Monday, March 25, 2002

Isn't it great when your folks start recommending sites to you via email? I feel great today

Movie for the evening: KASME VAADE (Rose Movies, 1978)
starring Raakhee Gulzar(Suman), Amitabh Bachchan(Amit/Shankar), Randhir Kapoor(Raju), Neetu Singh(Neeta), Vijayendra with special appearances by Rekha and Amjad Khan(Judah)
Music: R. D. Burman Produced and Directed by Ramesh Behl (perhaps the only producer to stick with one music director for all his films)

extract from SCREENINDIA:
The failure of Dil Diwana made Ramesh Behl and his team sit up and pull up their socks. Their next film had to be a hit. Behl decided to direct it himself. Kasme Vaade was discussed over drinks. Amitabh was a big name then and a good friend of Behl's. He agreed to play a double role in the film. Randhir Kapoor, another good friend who till then had been cast in all of Behl's films, was asked whether he wanted to be a part of the film. He agreed. With Raakhee and Neetu Singh as their lovers, Kasme Vaade went on the floors. Amitabh Bachchan, always the professional, would race with the unit boys to reach the location first, recalls Shrishti Behl. She and Goldie played the roles of school children in the film. This was their acting debuts.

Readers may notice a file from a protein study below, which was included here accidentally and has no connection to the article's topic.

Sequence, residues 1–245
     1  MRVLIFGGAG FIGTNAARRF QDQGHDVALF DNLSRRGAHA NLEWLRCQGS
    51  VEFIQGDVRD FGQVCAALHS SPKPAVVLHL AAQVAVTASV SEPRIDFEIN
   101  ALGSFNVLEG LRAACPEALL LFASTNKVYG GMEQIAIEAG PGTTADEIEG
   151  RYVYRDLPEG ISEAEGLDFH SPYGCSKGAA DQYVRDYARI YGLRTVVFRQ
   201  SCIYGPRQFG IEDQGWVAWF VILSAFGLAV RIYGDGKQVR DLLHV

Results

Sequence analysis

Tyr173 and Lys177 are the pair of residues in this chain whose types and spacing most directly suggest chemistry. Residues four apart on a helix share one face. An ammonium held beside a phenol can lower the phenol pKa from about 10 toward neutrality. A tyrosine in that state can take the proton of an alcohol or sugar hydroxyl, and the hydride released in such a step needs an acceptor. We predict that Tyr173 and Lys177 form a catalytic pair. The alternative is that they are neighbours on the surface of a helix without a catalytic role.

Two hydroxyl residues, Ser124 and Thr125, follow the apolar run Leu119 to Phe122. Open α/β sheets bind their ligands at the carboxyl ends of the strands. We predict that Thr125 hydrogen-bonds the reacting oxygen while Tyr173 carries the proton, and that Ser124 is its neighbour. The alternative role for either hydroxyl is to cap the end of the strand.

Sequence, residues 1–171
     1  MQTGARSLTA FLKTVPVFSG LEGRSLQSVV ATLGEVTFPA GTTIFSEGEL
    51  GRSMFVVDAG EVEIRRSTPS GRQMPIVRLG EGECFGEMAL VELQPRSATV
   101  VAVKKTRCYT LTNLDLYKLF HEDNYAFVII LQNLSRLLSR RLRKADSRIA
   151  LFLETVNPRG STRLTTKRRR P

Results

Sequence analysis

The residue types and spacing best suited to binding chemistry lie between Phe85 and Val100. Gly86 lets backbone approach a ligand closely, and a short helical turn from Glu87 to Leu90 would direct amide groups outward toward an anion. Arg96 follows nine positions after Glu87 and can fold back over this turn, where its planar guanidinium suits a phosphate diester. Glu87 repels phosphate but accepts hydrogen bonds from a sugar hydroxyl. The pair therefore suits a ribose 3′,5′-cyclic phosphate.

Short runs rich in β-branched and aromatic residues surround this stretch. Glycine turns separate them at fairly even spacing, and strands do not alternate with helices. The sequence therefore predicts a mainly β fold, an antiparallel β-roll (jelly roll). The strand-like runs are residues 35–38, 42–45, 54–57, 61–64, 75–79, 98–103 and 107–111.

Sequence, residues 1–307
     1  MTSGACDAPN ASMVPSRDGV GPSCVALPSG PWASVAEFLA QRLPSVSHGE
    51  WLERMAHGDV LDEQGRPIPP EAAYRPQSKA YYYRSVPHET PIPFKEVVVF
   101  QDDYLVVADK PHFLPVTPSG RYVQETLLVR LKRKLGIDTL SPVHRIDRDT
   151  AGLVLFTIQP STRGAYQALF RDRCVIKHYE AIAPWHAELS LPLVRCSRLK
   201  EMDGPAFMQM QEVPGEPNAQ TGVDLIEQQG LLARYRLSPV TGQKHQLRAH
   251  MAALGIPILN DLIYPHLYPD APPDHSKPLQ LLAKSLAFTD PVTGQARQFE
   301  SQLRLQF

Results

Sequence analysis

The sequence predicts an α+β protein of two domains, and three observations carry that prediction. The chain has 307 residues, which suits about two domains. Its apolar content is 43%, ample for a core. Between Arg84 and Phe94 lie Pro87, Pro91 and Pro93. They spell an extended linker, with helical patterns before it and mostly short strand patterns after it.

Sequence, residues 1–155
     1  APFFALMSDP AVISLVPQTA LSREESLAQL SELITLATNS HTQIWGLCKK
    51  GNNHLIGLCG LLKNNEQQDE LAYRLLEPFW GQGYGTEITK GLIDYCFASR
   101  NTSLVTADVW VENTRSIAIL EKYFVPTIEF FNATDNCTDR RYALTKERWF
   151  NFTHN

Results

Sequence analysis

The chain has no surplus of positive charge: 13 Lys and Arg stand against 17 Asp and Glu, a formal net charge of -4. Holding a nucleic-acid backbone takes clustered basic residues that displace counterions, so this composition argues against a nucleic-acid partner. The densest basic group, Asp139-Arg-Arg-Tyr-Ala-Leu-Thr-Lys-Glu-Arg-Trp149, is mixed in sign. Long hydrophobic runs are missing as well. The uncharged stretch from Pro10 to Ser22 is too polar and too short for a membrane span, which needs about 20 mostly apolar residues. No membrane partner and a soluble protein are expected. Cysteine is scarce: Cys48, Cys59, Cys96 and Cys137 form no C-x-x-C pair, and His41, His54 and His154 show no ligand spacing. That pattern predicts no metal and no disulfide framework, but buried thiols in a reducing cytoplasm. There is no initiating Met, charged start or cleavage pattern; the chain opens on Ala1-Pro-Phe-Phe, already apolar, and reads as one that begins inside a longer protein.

Mile jo kadi kadi... and Kasme vaade nibhayenge hum... caught the audience's fancy. Kasme Vaade was Rose Movies biggest hit.

Good hummable melodies hold up this otherwise flawed film. It could have done with a better editing job. The Big B is dependable as always. Raakhee continues to experiment with her ghastly stares and smiles. Mercifully, she doesn't have long stretches of dialogue. Moments of high melodrama inch dangerously close to (and unfortunately even over) peak. Behl could have done more with the interesting twist in the tale. Commercial concerns however far outweigh any other goals. There are ample moments of trite exchanges on human virtue and goodwill, but the conflict and turmoil of the human mind lie largely unexplored. Amjad's cameo -- a hump-backed Judah -- is interesting enough, but with very few lines and screen moments he ends up a wasted extra. It's interesting to see that Amitabh and Raakhee again play characters so close to the altar, yet so far away. music review

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